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  1. Organization of work: a comparative analysis of production among nonindustrial peoplesUdy, Stanley H., Jr. - , 1959 - 36 Hypotheses

    This book is a comparative study of the ways in which work is organized among non-industrial societies in the production of material goods. Two general hypotheses guide the author's work: (1) The structure of any work organization is influenced by both techonological processes and social setting, and (2) The structure of any reward system is influenced by the characteristics of the work organization, the social setting, and the limits imposed by features of the technological processes. Several predictions are presented and all are supported.

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  2. Administrative rationality, social setting, and organizational developmentUdy, Stanley H., Jr. - American Journal of Sociology, 1962 - 4 Hypotheses

    This study examines organizational characteristics associated with administrative rationality, as well as how organizational development differs under varying social or cultural conditions.

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  3. 'Bureaucracy' and 'rationality' in Weber's organization theoryUdy, Stanley H., Jr. - American Sociological Review, 1959 - 3 Hypotheses

    "Seven of Max Weber's ideal-typical specifications for 'rational bureaucracy' are reformulated as a system of three 'bureaucratic' and four 'rational' variables. It is proposed that (a) bureaucratic variables are positively associated; (b) rational variables are positively associated; but that (c) rational variables are negatively associated with bureaucratic variables." Hypotheses are supported.

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  4. Societal complexity or production techniques: another look at udy's data on the structure of work organizationsNorr, James L. - American Journal of Sociology, 1977 - 3 Hypotheses

    This study asserts that the structure of work organizations is affected more by production techniques than societal complexity. Empirical analysis suggests two trends: 1) production techniques that increase the importance of workers will influence rationality in work organizations, and 2) production techniques that increase the importance of workers and societal complexity will affect the bureaucratic elements of work organizations approximately equally. These findings challenge Udy’s (1970) thesis that complex peasant societies face more challenges than less complex societies in transitioning to modern industrial work forms.

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  5. Folk song style and cultureLomax, Alan - , 1968 - 9 Hypotheses

    A large-scale comparative study of folk songs around the world employing systematic measures (cantometrics). The aim was not just to describe variation but to test hypotheses about the relationships between song style and societal structures. Dance was also considered.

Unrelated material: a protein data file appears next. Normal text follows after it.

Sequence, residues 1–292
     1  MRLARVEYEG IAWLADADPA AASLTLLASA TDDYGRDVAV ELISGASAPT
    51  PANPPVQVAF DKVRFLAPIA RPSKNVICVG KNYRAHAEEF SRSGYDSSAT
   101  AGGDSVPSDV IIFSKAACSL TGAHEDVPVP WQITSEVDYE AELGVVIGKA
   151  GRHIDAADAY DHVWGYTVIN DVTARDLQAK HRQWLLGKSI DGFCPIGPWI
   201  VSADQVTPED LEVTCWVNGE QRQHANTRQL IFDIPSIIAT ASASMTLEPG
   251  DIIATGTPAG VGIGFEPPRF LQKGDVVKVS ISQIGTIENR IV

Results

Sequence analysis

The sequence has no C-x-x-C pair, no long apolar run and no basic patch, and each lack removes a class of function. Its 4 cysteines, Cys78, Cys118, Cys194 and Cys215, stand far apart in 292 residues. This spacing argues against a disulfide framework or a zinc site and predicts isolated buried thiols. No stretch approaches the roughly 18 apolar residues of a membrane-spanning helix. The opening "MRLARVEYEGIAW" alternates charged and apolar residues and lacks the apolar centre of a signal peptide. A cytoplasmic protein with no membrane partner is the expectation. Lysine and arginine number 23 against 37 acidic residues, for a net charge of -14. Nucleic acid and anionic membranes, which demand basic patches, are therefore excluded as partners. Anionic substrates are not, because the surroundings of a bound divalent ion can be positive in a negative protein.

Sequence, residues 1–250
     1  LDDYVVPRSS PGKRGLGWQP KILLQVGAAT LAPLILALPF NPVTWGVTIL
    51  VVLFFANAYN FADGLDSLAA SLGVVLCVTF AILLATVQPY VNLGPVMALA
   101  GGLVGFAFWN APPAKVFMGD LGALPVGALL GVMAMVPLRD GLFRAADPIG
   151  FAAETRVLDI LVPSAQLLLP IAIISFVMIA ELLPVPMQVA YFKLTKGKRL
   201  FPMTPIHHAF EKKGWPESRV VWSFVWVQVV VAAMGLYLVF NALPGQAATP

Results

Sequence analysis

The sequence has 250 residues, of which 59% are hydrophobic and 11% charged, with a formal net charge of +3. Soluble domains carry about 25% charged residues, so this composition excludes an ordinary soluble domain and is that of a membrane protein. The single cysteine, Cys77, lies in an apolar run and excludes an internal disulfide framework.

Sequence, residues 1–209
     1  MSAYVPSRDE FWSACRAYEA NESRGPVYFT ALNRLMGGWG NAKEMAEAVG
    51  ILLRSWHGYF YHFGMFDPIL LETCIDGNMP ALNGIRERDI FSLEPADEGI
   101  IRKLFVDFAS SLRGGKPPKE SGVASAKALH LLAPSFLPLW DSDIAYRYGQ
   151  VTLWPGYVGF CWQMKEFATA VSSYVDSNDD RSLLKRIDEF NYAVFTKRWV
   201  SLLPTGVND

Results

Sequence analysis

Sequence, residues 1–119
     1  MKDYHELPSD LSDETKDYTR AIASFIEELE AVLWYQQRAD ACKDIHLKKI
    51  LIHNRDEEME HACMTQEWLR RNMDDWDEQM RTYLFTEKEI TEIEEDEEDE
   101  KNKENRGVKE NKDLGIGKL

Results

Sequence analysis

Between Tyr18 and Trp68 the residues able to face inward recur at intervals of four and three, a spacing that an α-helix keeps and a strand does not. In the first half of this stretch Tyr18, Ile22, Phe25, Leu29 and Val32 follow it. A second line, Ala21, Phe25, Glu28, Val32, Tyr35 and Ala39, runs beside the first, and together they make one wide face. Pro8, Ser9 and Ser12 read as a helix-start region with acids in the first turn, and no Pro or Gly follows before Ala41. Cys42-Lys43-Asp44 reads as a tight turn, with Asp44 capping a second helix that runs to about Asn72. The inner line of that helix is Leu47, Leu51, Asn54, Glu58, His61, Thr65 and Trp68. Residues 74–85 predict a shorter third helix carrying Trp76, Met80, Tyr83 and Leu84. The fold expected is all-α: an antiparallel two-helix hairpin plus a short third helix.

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  6. The origins of the economy: a comparative study of distribution in primitive and peasant economiesPryor, Frederic L. - , 1977 - 39 Hypotheses

    Considerable disagreement exists in regard to the origin and distribution of economic phenomena such as money, slavery, markets, exchange, and imbalanced transfers. Here the author utilizes a worldwide cross-cultural sample of 60 pre-industrial "societies" to empirically test many economic hypotheses, with a focus on distributional mechanisms and institutions.

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  7. A comparative study of human sacrificeSheils, Howard Dean - Cross-Cultural Research, 1980 - 3 Hypotheses

    This study takes an economic approach in examining the practice of human sacrifice as it relates to notions of the economic value of human life. Codes are included.

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  8. Social solidarityLomax, Alan - Folk Song Style and Culture, 1968 - 9 Hypotheses

    This chapter examines the relationship between social cohesion (measured using variables like subsistence type, stable work teams, and settlement patterns) and musical cohesion. All hypotheses are supported.

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  9. Societal complexity and familial complexity: evidence for the curvilinear hypothesisBlumberg, Rae Lesser - American Journal of Sociology, 1972 - 5 Hypotheses

    This study investigates the relationship between societal complexity and familial complexity. Results suggest that the relationship is somewhat curvilinear; that is, in simpler societies more societal complexity is associated with a larger familial system, but the most developed societies have smaller familial systems. The demographic, economic, and politcal correlates of maximum family size are discussed.

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  10. The evolution of productive organizationsBrahm, Francisco - Nature Human Behaviour, 2021 - 1 Hypotheses

    Drawing from cultural evolution theory, the authors develop a model to explain the origin and evolution of productive organizations (organizations specialized in producing goods and services to satisfy human needs). They propose that productive organizations have two characteristics: exclusive membership and enhanced social learning within the organization. They find their predictions supported in a global sample of premodern societies.

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